Like all regional cuisines, Southern food is the product of the people who’ve lived in the region throughout history. For example, Carolina hash originated with enslaved people, while crab cakes reportedly date back to Native American cooking. Taking inventory of a region’s vintage dishes is like taking part in a living history lesson, while also inspiring creativity at the moment.
We hope as you enjoy this tour of 50 of the South’s most iconic recipes, you feel a connection with Southern history. And if you’re inspired to bring some of that history into the present day in the form of cooking, that’s even better.
Flaky Southern Biscuits
Despite the fact biscuits are ubiquitous on Southern dining tables, some fear that honest-to-goodness handmade biscuits are in danger of disappearing amid the many choices now available for ready-made refrigerated biscuit dough. And that, we think, is a crying shame, especially when rolling out biscuits from scratch requires a mere five ingredients, most of which you probably have on hand anyway. We’re talking flour, butter, baking soda, baking powder, and buttermilk. So in the name of tradition and good taste, please give these pillow-light babies a chance.
Buttermilk is a staple in many a Southern refrigerator, but if you don’t happen to have any on hand, we have an easy fix, provided you do have milk, lemon juice, and 10 minutes to spare. Use your quick homemade buttermilk in our recipes for flaky Southern biscuits (above), a protein-packed version of the classic buttermilk pancake, and the good ole fashioned Southern fried chicken you’ve been thinking about since you started reading this story.
Related:- Keys to Proper Web Design for Inbound
A Southern breakfast-table classic, buttermilk pancakes are melt-in-your-mouth yummy, and guess what? They don’t have to be a carb bomb, at least not when your recipe balances the carbs with flaxseeds and Greek yogurt, which amps up the protein power.
Stuffed French Toast
Some say pancakes are the hero of the breakfast table, but there are a lot of French toast fans out there who would disagree, especially when that French toast is stuffed with strawberries, which grow easily in the South. In this case, the cream is actually your choice of ricotta or cottage cheese, which is why you can feel like you’re having a decadent morning meal while actually loading up on the protein.
The word “hash” comes from the French, “hacher,” which means “to chop.” It makes sense considering hash is a one-pan fry consisting of chopped, leftover meat, potatoes, and onions. Traditional Southern hash may have, at one time, been one way to use up all the parts of a pig, but nowadays, you should feel free to use whatever meat you have on hand. Our Southern breakfast hash uses chicken sausage in place of pork, sweet potatoes in place of ordinary spuds, and a shake or two of Tabasco sauce for a quick bolt of heat.
This Southern favorite that’s built on a foundation of lima beans and corn (which work in synch to create a complete protein) has an origin story in just about every state where the colonists crossed paths with Native Americans, including Massachusetts, which likes to claim succotash as its own because it was supposedly served at the first Thanksgiving at Plymouth Plantation in 1621. But once you dress it up with smoky bacon and a splash of half-and-half, as we do in our version, you’re talking Southern pedigree all the way.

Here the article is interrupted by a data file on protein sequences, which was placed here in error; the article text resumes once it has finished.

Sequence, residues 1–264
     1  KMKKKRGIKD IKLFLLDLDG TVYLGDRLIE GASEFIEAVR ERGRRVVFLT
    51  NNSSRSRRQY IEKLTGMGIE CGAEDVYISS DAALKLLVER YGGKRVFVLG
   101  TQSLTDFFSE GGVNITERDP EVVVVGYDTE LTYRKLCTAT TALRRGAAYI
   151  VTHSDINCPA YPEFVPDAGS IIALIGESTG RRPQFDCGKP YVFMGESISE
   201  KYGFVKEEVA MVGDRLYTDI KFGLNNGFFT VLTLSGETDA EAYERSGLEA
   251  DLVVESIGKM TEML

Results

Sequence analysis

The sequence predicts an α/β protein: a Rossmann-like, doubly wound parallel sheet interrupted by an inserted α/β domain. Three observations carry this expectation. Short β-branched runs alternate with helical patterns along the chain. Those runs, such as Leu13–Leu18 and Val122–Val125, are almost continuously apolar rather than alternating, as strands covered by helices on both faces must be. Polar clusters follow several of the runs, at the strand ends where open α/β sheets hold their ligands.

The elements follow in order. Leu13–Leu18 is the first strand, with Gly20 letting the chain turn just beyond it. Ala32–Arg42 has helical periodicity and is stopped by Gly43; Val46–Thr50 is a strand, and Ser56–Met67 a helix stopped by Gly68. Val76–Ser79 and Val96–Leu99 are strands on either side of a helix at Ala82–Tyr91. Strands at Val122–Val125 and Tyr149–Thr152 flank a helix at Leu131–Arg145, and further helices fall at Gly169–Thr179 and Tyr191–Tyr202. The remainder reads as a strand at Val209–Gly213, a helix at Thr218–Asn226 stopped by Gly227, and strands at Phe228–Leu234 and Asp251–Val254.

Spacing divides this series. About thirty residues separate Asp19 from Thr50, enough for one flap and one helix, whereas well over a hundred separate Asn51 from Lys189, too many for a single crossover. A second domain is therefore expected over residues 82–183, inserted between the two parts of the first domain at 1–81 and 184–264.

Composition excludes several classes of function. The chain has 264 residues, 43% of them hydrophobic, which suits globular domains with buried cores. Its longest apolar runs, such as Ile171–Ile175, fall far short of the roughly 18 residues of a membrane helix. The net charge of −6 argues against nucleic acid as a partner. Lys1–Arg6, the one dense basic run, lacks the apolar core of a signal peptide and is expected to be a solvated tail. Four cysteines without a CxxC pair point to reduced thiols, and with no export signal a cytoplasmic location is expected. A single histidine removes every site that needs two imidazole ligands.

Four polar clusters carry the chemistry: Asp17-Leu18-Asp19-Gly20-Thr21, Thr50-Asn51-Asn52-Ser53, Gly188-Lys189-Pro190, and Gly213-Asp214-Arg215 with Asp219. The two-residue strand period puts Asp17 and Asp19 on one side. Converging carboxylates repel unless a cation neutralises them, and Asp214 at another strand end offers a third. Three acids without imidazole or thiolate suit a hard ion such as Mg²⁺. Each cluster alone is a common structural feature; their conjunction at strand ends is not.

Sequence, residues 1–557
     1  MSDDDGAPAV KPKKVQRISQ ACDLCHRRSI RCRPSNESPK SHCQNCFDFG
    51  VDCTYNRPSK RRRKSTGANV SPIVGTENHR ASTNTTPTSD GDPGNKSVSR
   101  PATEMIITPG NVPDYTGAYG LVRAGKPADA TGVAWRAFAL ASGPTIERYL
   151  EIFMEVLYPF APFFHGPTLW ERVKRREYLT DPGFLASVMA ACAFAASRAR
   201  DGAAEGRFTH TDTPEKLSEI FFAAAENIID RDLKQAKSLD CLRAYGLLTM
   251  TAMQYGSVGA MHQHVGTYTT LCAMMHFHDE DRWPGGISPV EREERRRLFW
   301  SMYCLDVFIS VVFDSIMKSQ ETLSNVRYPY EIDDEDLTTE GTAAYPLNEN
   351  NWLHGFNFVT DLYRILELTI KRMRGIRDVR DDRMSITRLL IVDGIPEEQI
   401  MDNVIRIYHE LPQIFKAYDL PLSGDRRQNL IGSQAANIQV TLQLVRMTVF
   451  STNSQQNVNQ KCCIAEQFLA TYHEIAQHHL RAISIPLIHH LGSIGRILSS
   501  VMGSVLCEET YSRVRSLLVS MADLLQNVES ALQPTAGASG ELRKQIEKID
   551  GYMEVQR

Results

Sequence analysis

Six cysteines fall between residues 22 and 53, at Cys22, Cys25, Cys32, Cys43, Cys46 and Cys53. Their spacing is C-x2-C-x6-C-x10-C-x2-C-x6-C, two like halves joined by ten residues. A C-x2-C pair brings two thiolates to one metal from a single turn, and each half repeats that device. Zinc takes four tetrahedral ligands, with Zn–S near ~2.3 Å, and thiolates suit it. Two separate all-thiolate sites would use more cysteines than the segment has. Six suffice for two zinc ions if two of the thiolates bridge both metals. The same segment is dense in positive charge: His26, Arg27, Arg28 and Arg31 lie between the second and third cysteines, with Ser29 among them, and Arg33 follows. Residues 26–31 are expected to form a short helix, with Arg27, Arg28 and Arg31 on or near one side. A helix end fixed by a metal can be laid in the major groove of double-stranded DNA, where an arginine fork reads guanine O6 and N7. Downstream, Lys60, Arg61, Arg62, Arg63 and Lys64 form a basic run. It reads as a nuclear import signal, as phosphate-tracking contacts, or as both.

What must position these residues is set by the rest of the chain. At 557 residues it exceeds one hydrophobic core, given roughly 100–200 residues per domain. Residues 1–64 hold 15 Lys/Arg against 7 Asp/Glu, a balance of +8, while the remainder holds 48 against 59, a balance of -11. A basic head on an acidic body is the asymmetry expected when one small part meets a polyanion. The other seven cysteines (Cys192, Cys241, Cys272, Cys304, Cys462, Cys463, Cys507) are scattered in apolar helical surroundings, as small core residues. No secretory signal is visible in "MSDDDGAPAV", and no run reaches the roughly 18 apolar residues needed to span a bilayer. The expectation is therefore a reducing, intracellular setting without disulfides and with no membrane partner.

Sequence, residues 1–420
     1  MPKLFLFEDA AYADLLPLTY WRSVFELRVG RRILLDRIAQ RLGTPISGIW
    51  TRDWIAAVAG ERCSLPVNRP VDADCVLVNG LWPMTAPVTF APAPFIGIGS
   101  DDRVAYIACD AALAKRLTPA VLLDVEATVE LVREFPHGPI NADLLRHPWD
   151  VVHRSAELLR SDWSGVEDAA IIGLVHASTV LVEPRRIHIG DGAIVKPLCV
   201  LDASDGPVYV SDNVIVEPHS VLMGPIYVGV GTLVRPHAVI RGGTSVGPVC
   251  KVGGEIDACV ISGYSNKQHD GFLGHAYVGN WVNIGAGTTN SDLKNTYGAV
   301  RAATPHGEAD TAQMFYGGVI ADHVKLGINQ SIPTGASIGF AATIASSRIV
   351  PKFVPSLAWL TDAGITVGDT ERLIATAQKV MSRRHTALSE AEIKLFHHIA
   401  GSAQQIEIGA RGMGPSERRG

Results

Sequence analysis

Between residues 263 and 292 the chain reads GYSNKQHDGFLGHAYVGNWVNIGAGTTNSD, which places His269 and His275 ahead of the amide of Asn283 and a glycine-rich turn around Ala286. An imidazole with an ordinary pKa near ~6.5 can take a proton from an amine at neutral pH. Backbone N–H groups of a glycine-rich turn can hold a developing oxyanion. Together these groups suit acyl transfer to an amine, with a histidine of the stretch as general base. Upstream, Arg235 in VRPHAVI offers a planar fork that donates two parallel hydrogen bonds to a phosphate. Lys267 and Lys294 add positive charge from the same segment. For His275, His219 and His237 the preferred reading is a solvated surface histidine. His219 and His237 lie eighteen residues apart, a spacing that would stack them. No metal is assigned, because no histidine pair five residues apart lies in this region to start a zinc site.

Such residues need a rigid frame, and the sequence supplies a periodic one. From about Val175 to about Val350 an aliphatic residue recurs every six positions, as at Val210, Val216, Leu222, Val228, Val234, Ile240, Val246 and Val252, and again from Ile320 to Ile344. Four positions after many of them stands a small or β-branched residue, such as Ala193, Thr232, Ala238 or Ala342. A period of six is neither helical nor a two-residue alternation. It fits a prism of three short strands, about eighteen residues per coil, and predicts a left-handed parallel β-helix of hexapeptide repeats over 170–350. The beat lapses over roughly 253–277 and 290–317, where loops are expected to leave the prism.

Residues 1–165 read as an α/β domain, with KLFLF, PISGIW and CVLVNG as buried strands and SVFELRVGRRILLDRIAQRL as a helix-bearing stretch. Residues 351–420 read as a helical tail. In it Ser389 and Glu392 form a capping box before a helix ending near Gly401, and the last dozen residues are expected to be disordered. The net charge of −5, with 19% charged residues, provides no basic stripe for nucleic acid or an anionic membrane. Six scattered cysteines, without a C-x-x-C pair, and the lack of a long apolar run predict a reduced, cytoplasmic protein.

Maryland Crab Cakes
Because crabs and other crustaceans were available in abundance along the Atlantic coast when the first European settlers arrived on our shores, crabs have long been on the menu throughout the entire East Coast, but nowhere more so than in Maryland, which has become synonymous with crab in all its glorious forms. Savory cakes made from minced crab meat, bread crumbs, and spices, which go back just as far, may have been adopted from English minced meat recipes as a way to make the eating of crab easier or as a way to use every last shred of meat you can scrape from the shell. But it wasn’t until 1930 that the term “crab cake” first appears in print, at which time the term was “Baltimore crab cakes.”
Blueberry Peach Cobbler]
Peaches are as iconic to Georgia as crab is to Maryland. As we mention in 35 Southern Dishes Your Grandparents Used to Make, eating a Georgia peach is a multi-sensory experience of sight, smell, and taste. But the next best thing would have to be digging into a freshly-baked peach cobbler, which is basically a crustless peach pie topped with flaky Southern biscuits. Wanna take things up a level? Throw in fresh blueberries.
While we’re on the topic of peaches, it would be remiss not to mention this smoky ribs recipe, which amps up the sweet smokiness of its barbecue glaze with a genius combination of peaches and bourbon. Slow roasted in the oven and then blasted with hickory smoke on the grill, this BBQ classic covers all the Southern bases: ribs, peaches, hickory smoke, and BBQ.
Because you can never really run out of ways to use peaches in a Southern kitchen, we would also be remiss not to mention this quintessentially Southern glazed ham, which is accented with peach chutney and features a smoky bourbon glaze. Apart from the classic Southern taste, what’s remarkable about our glazed ham recipe is how low in calories it actually is. Dig in!